Do you know someone in a violent relationship?
Many of us know, or think we might know, a person who is in an abusive relationship. But we can always come up with reasons to ignore our discomfort and hope the problem will solve itself. Here are some common reasons why people don't break the silence on intimate partner violence:
"I might get hurt...or make this worse for the victim."
You do not need to physically intervene. And the only thing that can make this worse for the victim is for their torment to be ignored by those of us in a position to support them.
"If she/he wants to stay in such a lousy situation, that's her problem."
Victims are trapped in intimate partner violence by a number of factors: deep fear, lack of financial support, love, loyalty, cultural and family values, and the depression and hopelessness that constant abuse can cause. Also, victims know that abuse doesn't stop just because they leave. In fact, the danger increases for many victims when they do leave. Imagining that a person is free to leave any time absolves us, but does not help them. Nobody can make the personal and painful decisions for them, but you can be there to support them.
"Poking my nose in will cost me their friendship...and they doen't seem to want to talk about it."
Intimate partner violence could cost your friend their life. Talking about their situation isn't easy for either of you. They may fee shame and guilt, so you need to be tactful, open, and non-judgmental. They may not respond the first time. They has to decide what's safe and can't be rushed in to action. If they hear your open-ended offer to put them in contact with an intimate partner violence hotline when they choose, they'll fell safe coming back to you.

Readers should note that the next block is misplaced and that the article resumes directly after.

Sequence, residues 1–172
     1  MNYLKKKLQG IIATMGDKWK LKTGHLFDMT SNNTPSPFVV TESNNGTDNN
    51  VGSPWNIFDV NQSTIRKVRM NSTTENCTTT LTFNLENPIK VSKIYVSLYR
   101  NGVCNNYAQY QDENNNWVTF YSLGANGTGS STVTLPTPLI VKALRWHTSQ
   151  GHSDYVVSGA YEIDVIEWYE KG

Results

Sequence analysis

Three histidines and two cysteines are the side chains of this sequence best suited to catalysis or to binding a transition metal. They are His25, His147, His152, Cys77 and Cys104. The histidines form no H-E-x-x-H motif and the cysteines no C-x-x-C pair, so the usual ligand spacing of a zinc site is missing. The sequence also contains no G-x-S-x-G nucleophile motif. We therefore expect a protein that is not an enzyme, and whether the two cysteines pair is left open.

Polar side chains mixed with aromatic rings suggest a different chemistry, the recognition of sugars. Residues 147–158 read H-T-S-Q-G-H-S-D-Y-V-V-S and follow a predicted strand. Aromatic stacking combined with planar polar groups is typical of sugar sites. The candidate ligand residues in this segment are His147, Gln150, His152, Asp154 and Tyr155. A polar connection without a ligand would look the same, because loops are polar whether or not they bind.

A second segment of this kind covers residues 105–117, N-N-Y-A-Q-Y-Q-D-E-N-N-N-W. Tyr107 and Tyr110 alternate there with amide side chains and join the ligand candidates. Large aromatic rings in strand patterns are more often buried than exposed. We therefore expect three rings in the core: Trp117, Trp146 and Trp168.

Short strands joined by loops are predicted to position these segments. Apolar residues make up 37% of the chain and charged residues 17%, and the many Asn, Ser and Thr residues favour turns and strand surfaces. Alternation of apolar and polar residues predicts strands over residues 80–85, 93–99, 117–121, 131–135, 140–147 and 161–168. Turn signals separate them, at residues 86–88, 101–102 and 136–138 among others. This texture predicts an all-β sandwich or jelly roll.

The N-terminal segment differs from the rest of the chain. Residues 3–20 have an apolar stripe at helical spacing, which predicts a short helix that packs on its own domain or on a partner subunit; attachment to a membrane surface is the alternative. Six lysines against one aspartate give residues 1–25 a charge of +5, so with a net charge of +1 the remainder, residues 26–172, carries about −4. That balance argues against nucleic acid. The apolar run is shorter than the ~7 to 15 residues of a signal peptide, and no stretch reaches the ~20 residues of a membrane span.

Here is an example of what to say.
It doesn't sound very dramatic, but it can make a dramatic difference: "I'm concerned about you. Are you okay? Do you want to talk to me about it? ... It's not your fault. You didn't deserve it ... I understand ... I'm not going to share this with anyone else. I'm not going to tell you what to do. What you do is fine with me. You know, there's a number to call to find out more about this. Do you want to call them now? Shall I give you the number? ... That's okay. Just know that I have the number, if you ever want it. I do care.
Are there things NOT to say?
It doesn't help to start planning a rescue or escape. Ask, rather than tell them what YOU think is going on. And don't start criticizing their partner, however much you may feel they deserve it. (The best way to show you are on their side is by staying out of the business of the relationship itself. If they were able to confront their abuser and leave, they would already have done it.) The idea is to gently break through the isolation they are living in and offer a bridge they can use when they choose to.